Siorrachd Obar Dheathain
Aberdeenshire within Scotland
Admin HQ Aberdeen
 • Body Aberdeenshire Council
 • Control Liberal Democrat/Conservative
 • MPs
  • Malcolm Bruce
  • Robert Smith
  • Eilidh Whiteford
 • MSPs
  • Dennis Robertson
  • Alex Salmond
  • Stewart Stevenson
  • Maureen Watt
 • Total Expression error: Unexpected < operator. sq mi (6,313 km2 (2,437 sq mi) km2)
Area rank Ranked 4th
Population (2010 est.)
 • Total 236,300
 • Rank Ranked 6th
 • Density 100/sq mi (37/km2)
ONS code 00QB
ISO 3166 code GB-ABD

Aberdeenshire (Scottish Gaelic: Siorrachd Obar Dheathain, Scots: Aiberdeenshire) is one of the 32 unitary council areas in Scotland and a lieutenancy area.

The present day Aberdeenshire council area does not include the City of Aberdeen, now a separate council area, from which its name derives. Together, the modern council area and the city formed historic Aberdeenshire - one of the counties of Scotland formerly used for local government purposes. Within these borders, the County of Aberdeen remains in existence as a registration county.[1]

Aberdeenshire Council is headquartered at Woodhill House, in Aberdeen; the only Scottish council whose headquarters are based outwith its area's border. Aberdeenshire borders Angus and Perth and Kinross to the south, and Highland and Moray to the west.


Aberdeenshire has a rich prehistoric and historic heritage. It is the locus of a large number of Neolithic and Bronze Age archaeological sites, including Longman Hill, Kempstone Hill, Catto Long Barrow and Cairn Lee. Since medieval times there have been a number of crossings of the Mounth (a spur of mountainous land that extends from the higher inland range to the North Sea slightly north of Stonehaven) through present day Aberdeenshire from the Scottish Lowlands to the Highlands. Some of the most well known and historically important trackways are the Causey Mounth and Elsick Mounth.[2][3]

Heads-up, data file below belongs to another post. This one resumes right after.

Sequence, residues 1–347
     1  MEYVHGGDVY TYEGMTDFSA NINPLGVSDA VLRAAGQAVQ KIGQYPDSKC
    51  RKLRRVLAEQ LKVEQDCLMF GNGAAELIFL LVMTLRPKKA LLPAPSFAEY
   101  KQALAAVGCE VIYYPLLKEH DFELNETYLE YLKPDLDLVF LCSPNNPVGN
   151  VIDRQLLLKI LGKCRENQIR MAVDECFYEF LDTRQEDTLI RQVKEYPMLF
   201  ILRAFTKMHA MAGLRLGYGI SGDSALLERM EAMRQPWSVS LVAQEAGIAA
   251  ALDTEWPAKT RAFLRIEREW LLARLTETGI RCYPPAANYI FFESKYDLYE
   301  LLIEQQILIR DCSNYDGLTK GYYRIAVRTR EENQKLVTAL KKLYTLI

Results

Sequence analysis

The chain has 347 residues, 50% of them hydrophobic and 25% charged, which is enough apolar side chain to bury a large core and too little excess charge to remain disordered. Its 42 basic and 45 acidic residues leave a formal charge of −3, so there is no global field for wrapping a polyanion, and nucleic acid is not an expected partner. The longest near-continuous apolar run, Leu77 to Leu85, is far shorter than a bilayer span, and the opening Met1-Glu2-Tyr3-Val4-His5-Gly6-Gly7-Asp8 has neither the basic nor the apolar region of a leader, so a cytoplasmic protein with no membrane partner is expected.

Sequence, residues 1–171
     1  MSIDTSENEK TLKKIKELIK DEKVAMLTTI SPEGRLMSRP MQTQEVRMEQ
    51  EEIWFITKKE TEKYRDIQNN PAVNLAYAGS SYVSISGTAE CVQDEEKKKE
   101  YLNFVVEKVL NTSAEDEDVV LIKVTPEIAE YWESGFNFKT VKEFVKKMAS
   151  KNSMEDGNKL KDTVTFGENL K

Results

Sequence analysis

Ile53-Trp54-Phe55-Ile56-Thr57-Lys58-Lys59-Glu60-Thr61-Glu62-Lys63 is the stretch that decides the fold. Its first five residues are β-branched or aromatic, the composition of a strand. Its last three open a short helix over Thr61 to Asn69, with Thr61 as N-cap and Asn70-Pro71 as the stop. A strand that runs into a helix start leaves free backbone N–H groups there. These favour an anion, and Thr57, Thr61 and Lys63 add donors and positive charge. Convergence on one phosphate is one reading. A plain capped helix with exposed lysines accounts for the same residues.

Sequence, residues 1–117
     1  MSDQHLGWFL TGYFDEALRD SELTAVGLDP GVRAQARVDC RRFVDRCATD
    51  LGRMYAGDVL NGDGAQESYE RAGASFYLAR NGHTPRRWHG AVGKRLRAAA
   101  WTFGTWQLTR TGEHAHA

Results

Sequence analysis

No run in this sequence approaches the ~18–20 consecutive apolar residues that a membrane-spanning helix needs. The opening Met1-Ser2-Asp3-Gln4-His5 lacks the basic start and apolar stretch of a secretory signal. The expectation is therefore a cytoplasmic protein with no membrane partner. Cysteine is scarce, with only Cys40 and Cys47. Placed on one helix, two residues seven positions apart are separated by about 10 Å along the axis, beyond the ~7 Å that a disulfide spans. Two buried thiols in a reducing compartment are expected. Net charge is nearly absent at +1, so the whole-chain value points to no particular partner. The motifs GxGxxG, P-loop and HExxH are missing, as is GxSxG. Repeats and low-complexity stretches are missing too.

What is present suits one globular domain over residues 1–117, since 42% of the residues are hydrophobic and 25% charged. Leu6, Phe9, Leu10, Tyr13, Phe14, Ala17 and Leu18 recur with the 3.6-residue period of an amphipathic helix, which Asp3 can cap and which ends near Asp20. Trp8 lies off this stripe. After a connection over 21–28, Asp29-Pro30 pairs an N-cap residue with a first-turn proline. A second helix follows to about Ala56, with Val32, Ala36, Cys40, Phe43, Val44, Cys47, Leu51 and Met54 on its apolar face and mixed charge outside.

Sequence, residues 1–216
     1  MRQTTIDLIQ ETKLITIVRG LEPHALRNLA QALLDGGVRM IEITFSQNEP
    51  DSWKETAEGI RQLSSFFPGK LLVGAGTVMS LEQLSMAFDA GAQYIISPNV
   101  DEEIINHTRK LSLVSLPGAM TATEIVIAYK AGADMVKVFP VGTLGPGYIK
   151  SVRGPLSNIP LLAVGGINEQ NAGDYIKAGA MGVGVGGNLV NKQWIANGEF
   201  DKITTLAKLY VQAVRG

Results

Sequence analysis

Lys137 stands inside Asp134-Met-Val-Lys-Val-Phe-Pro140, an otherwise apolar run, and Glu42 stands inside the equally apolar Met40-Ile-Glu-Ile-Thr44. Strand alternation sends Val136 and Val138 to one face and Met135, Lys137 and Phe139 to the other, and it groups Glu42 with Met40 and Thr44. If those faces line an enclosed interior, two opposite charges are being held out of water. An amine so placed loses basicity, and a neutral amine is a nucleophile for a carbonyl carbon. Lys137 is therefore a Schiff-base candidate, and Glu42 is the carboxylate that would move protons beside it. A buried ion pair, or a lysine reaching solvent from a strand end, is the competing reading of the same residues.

The present council area is named after the historic county of Aberdeen, which had different boundaries and was abolished in 1975 under the Local Government (Scotland) Act 1973. It was replaced by Grampian Regional Council and five district councils: Banff and Buchan, Gordon, Kincardine and Deeside, Moray and the City of Aberdeen. Local government functions were shared between the two levels. In 1996, under the Local Government etc (Scotland) Act 1994, the Banff and Buchan district, Gordon district and Kincardine and Deeside district were merged to form the present Aberdeenshire council area, with the other two districts becoming autonomous council areas.


The council area has a population of 236,260,[4] representing 4.6% of Scotland's total, a rise of over 50% from 1971. The population currently has a relatively high proportion of under 20s and fewer over-65s compared with the Scottish average, reflecting employment-driven in-migration in recent decades.[4] The twelve biggest settlements in Aberdeenshire (with 2011 population estimates) are:

Governance and politics[]

The council has 68 councillors, elected in 19 multi-member wards by Single Transferable Vote. The 2007 elections resulted in the following representation:

Ward Members Representation
1. Banff and District 3 1 Lib Dem, 1 SNP, 1 Ind
2. Troup 3 1 SNP, 1 Con, 1 Ind
3. Fraserburgh and District 4 3 SNP, 1 Ind
4. Central Buchan 4 2 Ind, 1 SNP, 1 Con
5. Peterhead North and Rattray 4 2 SNP, 1 Con, 1 Ind
6. Peterhead South and Cruden 3 2 SNP, 1 Lib Dem
7. Turriff and District 3 1 Lib Dem, 1 SNP, 1 Ind
8. Mid Formartine 4 2 Lib Dem, 1 SNP, 1 Con
9. Ellon and District 4 2 Lib Dem, 1 SNP, 1 Con
10. West Garioch 3 2 Lib Dem, 1 SNP
11. Inverurie and District 4 2 Lib Dem, 1 SNP, 1 Con
12. East Garioch 3 2 Lib Dem, 1 SNP
13. Westhill and District 4 1 Lib Dem, 1 SNP, 1 Con, 1 Ind
14. Huntly, Strathbogie and Howe of Alford 4 2 Lib Dem, 1 SNP, 1 Con
15. Aboyne, Upper Deeside and Donside 3 2 Con, 1 Lib Dem
16. Banchory and Mid Deeside 3 1 Lib Dem, 1 SNP, 1 Con
17. North Kincardine 4 2 Lib Dem, 1 SNP, 1 Con
18. Stonehaven and Lower Deeside 4 2 Lib Dem, 1 SNP, 1 Con
19. Mearns 4 2 Lib Dem, 1 SNP, 1 Con

Ythan Estuary nature preserve, with tern colonies and dunes in background.

The overall political composition of the council was as follows:[17]

Party Councillors
Liberal Democrat 24
Scottish National Party 22
Conservative 14
Independent 8